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Related to jeopardy: Wheel of fortune
A legal doctrine which holds that legal action cannot be taken twice against someone for the same offense. Yes, I know there's new evidence linking the chief financial officer to the embezzlement scheme, but he's already been tried for that. If we bring this new evidence against him now, the judge will toss it out as an instance of double jeopardy.
In danger or at risk; imperiled. The recent scandal put her hopes of election in jeopardy. The company's entire future is in jeopardy if we can't find more investors.
See also: jeopardy
place (someone or something) in jeopardy
To cause someone or something to be in a situation or scenario that could prove risky, dangerous, or damaging. The colossal failure of our latest product has placed the company's future in jeopardy. I hope you realize that you're placing your children in jeopardy by smoking inside the house like that.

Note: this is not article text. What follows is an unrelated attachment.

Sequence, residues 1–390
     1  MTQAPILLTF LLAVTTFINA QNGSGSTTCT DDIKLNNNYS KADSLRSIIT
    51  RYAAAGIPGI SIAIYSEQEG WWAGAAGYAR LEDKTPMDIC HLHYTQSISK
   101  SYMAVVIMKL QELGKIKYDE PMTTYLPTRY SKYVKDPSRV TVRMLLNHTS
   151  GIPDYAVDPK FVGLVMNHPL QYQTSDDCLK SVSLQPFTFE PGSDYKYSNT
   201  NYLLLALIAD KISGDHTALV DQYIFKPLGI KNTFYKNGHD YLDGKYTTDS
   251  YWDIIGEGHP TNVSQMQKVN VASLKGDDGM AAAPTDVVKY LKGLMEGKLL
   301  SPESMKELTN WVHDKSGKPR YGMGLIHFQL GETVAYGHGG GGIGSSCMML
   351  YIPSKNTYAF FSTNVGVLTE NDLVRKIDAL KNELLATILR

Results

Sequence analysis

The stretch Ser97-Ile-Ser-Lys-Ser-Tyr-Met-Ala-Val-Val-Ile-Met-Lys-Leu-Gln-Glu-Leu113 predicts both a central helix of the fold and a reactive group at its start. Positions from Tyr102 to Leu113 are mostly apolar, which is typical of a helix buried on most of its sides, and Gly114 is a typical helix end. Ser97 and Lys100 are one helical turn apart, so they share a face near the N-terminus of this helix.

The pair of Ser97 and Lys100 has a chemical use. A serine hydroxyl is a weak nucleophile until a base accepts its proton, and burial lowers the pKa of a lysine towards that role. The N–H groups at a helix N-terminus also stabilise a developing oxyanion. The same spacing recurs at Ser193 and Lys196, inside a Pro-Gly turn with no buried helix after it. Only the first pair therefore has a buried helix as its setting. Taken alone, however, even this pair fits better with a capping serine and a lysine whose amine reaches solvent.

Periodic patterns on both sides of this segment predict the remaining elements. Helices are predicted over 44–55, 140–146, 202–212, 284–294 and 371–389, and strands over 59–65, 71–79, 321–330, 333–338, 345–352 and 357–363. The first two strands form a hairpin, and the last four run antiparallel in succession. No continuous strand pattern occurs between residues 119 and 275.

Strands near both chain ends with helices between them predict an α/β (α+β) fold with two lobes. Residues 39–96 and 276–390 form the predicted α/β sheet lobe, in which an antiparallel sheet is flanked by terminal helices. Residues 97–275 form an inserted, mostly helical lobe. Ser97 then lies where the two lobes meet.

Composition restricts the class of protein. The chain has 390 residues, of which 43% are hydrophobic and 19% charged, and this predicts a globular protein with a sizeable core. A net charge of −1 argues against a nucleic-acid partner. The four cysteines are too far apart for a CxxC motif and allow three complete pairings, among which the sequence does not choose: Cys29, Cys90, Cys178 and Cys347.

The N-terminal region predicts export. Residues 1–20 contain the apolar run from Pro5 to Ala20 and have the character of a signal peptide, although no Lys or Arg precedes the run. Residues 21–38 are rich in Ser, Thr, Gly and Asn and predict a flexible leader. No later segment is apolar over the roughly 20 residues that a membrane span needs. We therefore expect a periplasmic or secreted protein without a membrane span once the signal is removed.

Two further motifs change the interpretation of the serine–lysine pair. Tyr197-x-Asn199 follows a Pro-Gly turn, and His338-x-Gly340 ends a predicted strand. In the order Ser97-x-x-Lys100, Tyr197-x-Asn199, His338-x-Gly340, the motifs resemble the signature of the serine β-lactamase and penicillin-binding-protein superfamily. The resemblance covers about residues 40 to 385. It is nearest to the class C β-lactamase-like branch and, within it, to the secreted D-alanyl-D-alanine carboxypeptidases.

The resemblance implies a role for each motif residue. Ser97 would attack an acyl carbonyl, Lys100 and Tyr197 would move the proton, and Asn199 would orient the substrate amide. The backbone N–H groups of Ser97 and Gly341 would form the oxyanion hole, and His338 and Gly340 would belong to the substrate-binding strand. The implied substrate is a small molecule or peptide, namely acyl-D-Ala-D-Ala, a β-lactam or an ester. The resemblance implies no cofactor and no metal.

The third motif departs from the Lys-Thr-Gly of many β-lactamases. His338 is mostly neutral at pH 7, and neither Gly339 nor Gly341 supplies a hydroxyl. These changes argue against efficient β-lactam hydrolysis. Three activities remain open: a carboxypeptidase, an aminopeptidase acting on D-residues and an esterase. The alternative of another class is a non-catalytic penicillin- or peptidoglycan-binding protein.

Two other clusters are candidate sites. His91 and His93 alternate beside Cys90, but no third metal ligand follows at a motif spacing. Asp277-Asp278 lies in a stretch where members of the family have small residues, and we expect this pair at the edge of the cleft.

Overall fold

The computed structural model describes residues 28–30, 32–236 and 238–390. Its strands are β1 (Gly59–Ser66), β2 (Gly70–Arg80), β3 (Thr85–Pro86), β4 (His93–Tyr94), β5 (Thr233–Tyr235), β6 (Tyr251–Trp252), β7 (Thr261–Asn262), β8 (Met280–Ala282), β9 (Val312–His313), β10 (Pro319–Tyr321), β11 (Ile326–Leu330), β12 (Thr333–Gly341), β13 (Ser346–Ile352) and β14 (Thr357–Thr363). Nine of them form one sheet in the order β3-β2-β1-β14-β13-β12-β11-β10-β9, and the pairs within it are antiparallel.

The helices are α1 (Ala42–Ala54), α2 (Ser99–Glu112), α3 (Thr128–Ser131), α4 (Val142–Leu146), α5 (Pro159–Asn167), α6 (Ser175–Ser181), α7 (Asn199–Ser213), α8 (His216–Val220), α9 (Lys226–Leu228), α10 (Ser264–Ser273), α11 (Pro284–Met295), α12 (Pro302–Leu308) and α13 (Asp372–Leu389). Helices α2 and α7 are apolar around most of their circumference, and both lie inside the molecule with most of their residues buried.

put (someone or something) in jeopardy
To cause one to be in a situation or scenario that could prove risky, dangerous, or damaging. The colossal failure of our latest product has put the company's future in jeopardy. I hope you realize that you're putting your children in jeopardy by smoking inside the house like that.
Farlex Dictionary of Idioms. © 2015 Farlex, Inc, all rights reserved.
to be at risk; to be at peril. John puts himself in jeopardy every time he goes skydiving. I was in jeopardy when my car broke down on the deserted road.
See also: jeopardy
place someone or something in jeopardy
to put someone or something at risk. Do you realize that what you just said places all of us in jeopardy? She has placed the entire project in jeopardy.
put someone or something in(to) jeopardy
to put someone or something into danger. What you just said puts Bill into jeopardy. It puts his plans in jeopardy.
McGraw-Hill Dictionary of American Idioms and Phrasal Verbs. © 2002 by The McGraw-Hill Companies, Inc.